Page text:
* Paul Bergrin wants to represent himself in his racketeering case. They say that a man who represents himself has a fool for a client, but that’s not the case when you’re considered the Baddest Lawyer in the History of Jersey. [Philadelphia Inquirer]
* Hordes of Biglaw lawyers couldn’t stop the DOJ from trying to block the AT&T/T-Mobile merger. New antitrust issues abound, like “higher prices, fewer choices and lower quality products.” They already have a monopoly on crappy coverage. [Am Law Daily]
* The truth? You can’t handle the truth! That, or you don’t really care about it when it comes to Barry Bonds. The big-headed baseball MVP will not face a retrial on his perjury charges. [CNN]
* Jessica Beagley managed to avoid jail time at sentencing. Come on, judge, you could’ve at least given her a taste of her own medicine: hot sauce and a cold shower. [WSJ Law Blog]
* BitTorrent porn? On my grandma’s computer? It’s more likely than you think. After this California granny scolded Steele Hansmeier, the lawsuit against her was dropped. She mailed the firm a Werther’s Original in thanks. [Huffington Post]
* Nudity first, names later. I like this sheriff deputy’s alleged style. A girl in Utah is suing over a roadside traffic rendezvous that she says turned into an illegal strip search. [Standard-Examiner]
Sometimes kids can be really annoying and behave really badly. Luckily for my parents, I was a little bit of both when I was younger. After throwing a spare rib at someone’s head in a Chinese restaurant, my parents didn’t take me out to dinner with them for months. After throwing a puzzle at the wall and making a huge hole in it, my parents didn’t allow me to have playdates for a while. Apparently, I was a big fan of throwing things when I was a little girl.
But my parents never hit me, and they certainly never abused me. They just took things away, and made me see that there were consequences for my actions. My parents are awesome. And look at what a fine specimen I turned out to be! Now I make fun of people on the internet for a living. They’re so proud.
Now, I don’t have kids, but from what I see happening around me, I feel like parents just don’t know how to be parents anymore. But they do know how to be drama queens. Case in point: an Alaska mother was so desperate to get on the Dr. Phil show that she filmed herself forcing her child to hold hot sauce in his mouth and shoving him into a cold shower.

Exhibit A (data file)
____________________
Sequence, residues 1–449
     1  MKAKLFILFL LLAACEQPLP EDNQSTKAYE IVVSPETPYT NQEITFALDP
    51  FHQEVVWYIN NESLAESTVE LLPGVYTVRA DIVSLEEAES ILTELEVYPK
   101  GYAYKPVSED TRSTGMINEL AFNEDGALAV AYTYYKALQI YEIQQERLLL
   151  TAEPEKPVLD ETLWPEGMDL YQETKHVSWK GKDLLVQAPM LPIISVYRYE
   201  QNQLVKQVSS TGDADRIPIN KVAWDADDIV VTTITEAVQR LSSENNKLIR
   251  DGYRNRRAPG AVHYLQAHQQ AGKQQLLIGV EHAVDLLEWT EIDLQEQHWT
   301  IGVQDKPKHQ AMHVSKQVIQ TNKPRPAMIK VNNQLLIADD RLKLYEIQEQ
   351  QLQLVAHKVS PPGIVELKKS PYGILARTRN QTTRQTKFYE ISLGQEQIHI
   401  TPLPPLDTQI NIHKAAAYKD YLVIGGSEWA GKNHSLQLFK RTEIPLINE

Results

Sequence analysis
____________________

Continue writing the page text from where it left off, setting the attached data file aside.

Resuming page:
Is this child abuse? You bet your ass it is, and this bad mommy might be going to jail for it….
Ed. note: The Asia Chronicles column is authored by Kinney Recruiting. Kinney has made more placements of U.S. associates, counsels and partners in Asia than any other recruiting firm in each of the past seven years. You can reach them by email: email@example.com.
Please note that Evan Jowers and Robert Kinney are still in Hong Kong and will stay FOR THE REMAINDER OF THIS WEEK. We still have a handful of available slots for meetings with our Asia Chronicles fans. If we have not been in touch lately, reach out and let us know when we could meet! There is no need for an agenda at all. Most of our in-person meetings on these trips are with folks who understand that improving a legal practice through lateral hiring is an information-driven process that takes time to handle correctly.
Regarding trends in lateral US associate hiring in Hong Kong, we of course keep much of what we know off of this blog. Based on placement revenue, though, Kinney is having one of our most successful years ever in Asia. We are helping a number of our law firm clients with M&A, fund formation, cap markets, project finance, FCPA and disputes openings. These are very specific needs in many cases, so a conversation with us before jumping in may be helpful. As always, we like to be sure to get the maximum number of interviews per submission, using a well-informed, highly targeted, and selective approach, taking into account short, medium and long-term career aims.
Making a well informed decision during a job search is easier said than done – the information we provide comes from 10 years of being the market leader in US attorney placements at the top tier firms in Asia. There is no substitute for having known a hiring partner since he/she was an associate or for having helped a partner grow his or her practice from zip to zooming, and this is happily where we stand today – with years of background information on just about every relevant person in all the markets we serve, and most especially in Hong Kong/China/Greater Asia. So get in touch and get a download from us this week if we can fit it in, or soon in any case!
The legal industry is being disrupted at every level by technological advances. While legal tech entrepreneurs and innovators are racing to create a more efficient and productive future, there is widespread indifference on the part of attorneys toward these emerging technologies.
When the LexisNexis Cloud Technology Survey results were reported earlier this year, it showed that attorneys were starting to peer less skeptically into the future, and slowly but surely leaning more toward all the benefits the law cloud has to offer.
Because let’s face it, plenty of attorneys are perhaps a bit too comfortable with their “system” of practice management, which may or may not include neon highlighters, sticky notes, dog-eared file folders, and a word processing program that was last updated when the term “raise the roof” was still de rigueur.